feasibility of their adoption in their own context. At BATC the Ugandan visitors toured all the Group identification of learning content and methodology Preliminary sensitization meetings with cluster groups Group consultative meetings Meetings of Cluster representatives with departments of agriculture, NGOs, research institutions, and farmer training Cross‐border learning and home visits Arrange meetings among ROADS representatives, cluster representatives from Kenya and Uganda, and FANTA. Explain the different technologies that could be used in the locale and by PLHIV. Agree on how groups would implement the technologies and priorities. Group consensus meetings See different technologies in the communities and discuss.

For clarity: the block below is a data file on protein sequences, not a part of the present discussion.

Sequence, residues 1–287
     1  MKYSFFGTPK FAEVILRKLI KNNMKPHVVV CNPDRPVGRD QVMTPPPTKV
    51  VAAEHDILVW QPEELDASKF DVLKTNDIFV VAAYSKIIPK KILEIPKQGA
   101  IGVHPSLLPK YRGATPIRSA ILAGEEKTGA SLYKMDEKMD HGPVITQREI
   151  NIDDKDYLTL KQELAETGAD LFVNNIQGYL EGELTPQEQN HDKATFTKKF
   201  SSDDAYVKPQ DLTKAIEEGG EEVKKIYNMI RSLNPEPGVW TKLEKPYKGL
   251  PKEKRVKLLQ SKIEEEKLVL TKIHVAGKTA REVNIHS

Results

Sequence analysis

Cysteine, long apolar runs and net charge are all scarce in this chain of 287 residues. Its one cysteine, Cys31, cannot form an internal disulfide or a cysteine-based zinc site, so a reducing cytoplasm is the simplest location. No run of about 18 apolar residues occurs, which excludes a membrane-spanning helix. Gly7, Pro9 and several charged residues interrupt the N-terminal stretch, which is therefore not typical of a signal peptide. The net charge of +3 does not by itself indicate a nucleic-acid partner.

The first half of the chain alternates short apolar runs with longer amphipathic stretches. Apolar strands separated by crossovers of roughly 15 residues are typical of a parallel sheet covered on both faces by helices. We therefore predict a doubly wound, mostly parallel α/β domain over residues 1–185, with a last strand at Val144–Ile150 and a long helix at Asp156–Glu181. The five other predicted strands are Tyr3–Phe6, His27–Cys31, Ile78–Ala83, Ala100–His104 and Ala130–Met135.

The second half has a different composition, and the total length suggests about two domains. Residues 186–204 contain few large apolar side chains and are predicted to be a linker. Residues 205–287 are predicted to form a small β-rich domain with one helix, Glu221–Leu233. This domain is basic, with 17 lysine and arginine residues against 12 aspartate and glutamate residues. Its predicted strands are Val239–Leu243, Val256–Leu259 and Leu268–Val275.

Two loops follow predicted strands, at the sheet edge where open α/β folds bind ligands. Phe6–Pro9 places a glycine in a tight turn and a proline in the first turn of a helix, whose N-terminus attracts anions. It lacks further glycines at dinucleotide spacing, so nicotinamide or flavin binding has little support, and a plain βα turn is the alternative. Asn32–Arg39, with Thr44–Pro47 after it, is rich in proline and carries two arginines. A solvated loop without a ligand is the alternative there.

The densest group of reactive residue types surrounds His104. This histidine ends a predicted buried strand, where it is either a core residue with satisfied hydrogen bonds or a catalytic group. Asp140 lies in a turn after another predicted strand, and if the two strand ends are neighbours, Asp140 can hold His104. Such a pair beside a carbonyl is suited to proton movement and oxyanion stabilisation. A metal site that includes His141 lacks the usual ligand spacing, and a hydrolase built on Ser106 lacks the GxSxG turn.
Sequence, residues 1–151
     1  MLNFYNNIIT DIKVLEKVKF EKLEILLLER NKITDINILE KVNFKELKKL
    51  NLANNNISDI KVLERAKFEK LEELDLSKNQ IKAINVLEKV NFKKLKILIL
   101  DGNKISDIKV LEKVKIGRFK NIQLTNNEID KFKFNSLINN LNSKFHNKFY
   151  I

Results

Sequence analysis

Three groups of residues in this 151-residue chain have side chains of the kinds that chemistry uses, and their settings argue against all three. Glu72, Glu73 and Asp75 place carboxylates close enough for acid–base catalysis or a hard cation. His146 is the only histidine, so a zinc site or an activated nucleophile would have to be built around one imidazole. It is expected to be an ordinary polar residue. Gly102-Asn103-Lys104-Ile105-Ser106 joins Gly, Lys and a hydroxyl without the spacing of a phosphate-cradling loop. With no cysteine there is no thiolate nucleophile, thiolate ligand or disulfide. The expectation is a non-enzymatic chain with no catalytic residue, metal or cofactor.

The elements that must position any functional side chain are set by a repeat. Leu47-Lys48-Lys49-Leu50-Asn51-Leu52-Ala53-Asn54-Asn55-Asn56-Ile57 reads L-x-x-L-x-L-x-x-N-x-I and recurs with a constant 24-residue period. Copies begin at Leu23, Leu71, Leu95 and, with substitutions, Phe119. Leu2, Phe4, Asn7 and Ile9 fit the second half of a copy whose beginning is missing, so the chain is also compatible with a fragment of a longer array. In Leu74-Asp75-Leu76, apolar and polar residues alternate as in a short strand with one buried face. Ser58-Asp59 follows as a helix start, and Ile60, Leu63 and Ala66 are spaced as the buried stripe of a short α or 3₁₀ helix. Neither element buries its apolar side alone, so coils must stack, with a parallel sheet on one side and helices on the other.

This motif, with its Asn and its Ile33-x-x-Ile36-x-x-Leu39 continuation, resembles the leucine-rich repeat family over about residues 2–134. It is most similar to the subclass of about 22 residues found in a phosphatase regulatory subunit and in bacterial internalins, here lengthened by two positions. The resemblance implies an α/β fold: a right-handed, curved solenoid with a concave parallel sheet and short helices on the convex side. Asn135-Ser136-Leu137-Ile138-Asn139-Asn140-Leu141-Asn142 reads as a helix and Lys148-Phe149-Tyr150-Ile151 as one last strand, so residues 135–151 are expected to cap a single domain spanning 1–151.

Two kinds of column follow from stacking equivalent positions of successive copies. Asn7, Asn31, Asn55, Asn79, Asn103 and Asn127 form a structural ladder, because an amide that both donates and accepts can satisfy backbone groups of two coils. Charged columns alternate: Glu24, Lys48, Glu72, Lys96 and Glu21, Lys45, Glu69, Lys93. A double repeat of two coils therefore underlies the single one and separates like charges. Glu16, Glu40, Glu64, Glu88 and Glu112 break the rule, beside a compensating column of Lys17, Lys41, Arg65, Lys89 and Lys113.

Visits were also made to school gardens, community land (e.g., belonging to clusters of orphans and vulnerable children [OVC] in Kenya), seed multiplication sites, and farmer training centers. The cluster members discussed opportunities for and challenges of implementing similar activities in the urban Uganda context. Group consensus meetings were held to prioritize what the clusters wanted to learn about and the optimal methods of learning.

Outcome indicator(s): 
  • Organization and implementation of livelihood activities among PLHIV
  • Food and income security
  • Successful communal gardens
  • Consumption of fresh fruits and vegetables from gardens operated by PLHIV
Outcome reported by social determinants: 
Socio-economic status


Revision log

Wed, 03/27/2013 - 16:15bloessnermEdited by william_nkoom.published
Thu, 01/31/2013 - 04:51william_nkoomEdited by william_nkoom.draft
Thu, 01/31/2013 - 04:50AnnaLarteyEdited by william_nkoom.published
Tue, 01/29/2013 - 02:28AnnaLarteyCreated by AnnaLartey.needs_review